Freud's psychosexual development
In Freudian psychology, psychosexual development is a central element of the psychoanalytic sexual drive theory, that human beings, from birth, possess an instinctual libido (sexual energy) that develops in five stages. Each stage – the oral, the anal, the phallic, the latent, and the genital – is characterized by the erogenous. Sigmund Freud was a Viennese physician who developed his psychosexual theory of development through his work with emotionally troubled adults. Now considered controversial and largely outdated, his theory is based on the idea that parents play a crucial role in managing their children's sexual and aggressive drives. 14 Feb He developed a highly controversial theory, indeed theories, about personality development, mental health and illness. Freud's theory of the psychosexual stages posits four stages—oral, anal, phallic, genital—which each characterised by a particular erotogenic zone that is the primary voice of pleasure.
Freud developed many theories including those that focus on the unconscious, the interpretation of dreams, Id, ego, and super ego, and what is referred to as the psychosexual development theory. Psychosexual development is a theory that Freud based upon the Greek tragedy by Sophocles Oedipus Rex and is often referred to as the Oedipus Complex.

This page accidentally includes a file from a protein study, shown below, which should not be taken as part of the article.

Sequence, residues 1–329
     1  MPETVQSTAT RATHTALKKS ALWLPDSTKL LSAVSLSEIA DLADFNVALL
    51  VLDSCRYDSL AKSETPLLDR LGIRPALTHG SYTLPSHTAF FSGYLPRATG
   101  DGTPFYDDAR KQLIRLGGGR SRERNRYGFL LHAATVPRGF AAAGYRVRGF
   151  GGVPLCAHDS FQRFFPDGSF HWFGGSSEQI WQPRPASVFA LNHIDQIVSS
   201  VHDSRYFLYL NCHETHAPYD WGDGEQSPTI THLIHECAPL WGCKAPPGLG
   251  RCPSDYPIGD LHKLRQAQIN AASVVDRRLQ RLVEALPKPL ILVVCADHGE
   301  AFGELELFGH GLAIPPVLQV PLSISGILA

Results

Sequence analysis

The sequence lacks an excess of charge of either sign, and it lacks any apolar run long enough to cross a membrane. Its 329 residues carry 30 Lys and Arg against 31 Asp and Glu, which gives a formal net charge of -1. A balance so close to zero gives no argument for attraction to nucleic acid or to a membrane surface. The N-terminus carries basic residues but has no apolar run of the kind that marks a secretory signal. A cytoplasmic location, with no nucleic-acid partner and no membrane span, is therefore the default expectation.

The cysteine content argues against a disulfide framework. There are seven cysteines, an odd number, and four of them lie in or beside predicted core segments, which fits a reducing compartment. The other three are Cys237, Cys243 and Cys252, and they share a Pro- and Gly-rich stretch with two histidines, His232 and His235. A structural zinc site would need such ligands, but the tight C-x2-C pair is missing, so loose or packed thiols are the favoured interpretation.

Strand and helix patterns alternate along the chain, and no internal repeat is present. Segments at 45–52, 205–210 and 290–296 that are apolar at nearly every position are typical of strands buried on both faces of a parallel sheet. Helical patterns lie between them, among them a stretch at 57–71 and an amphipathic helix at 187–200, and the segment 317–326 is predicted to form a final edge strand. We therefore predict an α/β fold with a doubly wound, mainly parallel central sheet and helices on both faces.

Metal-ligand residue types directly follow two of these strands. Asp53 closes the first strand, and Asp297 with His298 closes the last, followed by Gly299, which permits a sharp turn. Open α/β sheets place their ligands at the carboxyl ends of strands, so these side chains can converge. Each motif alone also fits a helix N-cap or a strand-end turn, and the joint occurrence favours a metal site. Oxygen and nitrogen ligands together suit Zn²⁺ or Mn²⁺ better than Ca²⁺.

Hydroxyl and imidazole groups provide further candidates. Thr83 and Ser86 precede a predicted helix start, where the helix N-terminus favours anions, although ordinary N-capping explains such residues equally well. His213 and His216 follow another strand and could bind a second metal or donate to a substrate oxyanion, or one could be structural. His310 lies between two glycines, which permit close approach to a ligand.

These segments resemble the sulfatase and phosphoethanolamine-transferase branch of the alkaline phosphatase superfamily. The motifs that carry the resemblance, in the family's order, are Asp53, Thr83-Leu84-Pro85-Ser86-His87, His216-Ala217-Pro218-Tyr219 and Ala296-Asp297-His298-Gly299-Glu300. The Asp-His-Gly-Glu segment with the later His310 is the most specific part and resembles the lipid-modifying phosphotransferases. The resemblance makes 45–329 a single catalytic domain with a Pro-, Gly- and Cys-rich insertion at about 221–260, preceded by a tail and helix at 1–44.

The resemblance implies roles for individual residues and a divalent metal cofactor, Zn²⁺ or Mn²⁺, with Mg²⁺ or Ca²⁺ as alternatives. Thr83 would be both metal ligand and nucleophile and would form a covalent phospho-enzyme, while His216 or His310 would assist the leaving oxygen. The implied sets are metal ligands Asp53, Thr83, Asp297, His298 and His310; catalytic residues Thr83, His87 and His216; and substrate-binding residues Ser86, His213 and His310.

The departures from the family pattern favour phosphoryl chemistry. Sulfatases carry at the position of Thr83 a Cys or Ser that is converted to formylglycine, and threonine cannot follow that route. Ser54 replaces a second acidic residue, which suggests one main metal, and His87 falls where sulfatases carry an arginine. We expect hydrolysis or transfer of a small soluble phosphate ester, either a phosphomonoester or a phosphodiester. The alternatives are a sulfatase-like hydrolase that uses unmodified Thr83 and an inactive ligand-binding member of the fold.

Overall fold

The Oedipus Complex teaches that the unconscious holds repressed thoughts that boys have a desire to have sexual intercourse with their mothers, while wanting to murder their father.
The theory isn't limited solely to males, as Freud believed that girls had a sexual attraction to their fathers; this was later referred to as the Electra Complex.
Freud taught that these unconscious thinking patterns form during several stages of development until they are eradicated by normal, healthy sexual development.
Psychosexual Stages: Freud’s Theory | Psychology Today
These are oral, anal, phallic, latency, and genital. During this time, an infant is focused with receiving oral pleasure. This occurs through breast or bottle feeding, or sucking on a pacifier.
The Freudian Theory of Personality
It is believed that if an infant receives too much or too little oral stimulation, they may develop a fixation or a personality trait that is fixated on oral gratification. It is believed that these people may focus on activities that involve the mouth such as over eating, biting the fingernails, smoking, or drinking. The theory states that these people may develop personality traits such as becoming extremely gullible or naive, always following others and never taking the lead, and becoming extremely dependent upon others.
It is believed here when a child becomes fixated on receiving pleasure through controlling and eliminating feces, a child can become obsessed with control, perfection, and cleanliness.
This is often referred to as anal retentive, while anal expulsive is the opposite.
Those who are anal expulsive may be extremely disorganized, live in chaos, and are known for making messes. Freud believes the phallic stage or the Oedipus or Electra complexes occurs during a child is three to six years of age. The belief is that male children harbor unconscious, sexual attraction to their mothers, while female children develop a sexual attraction to their father.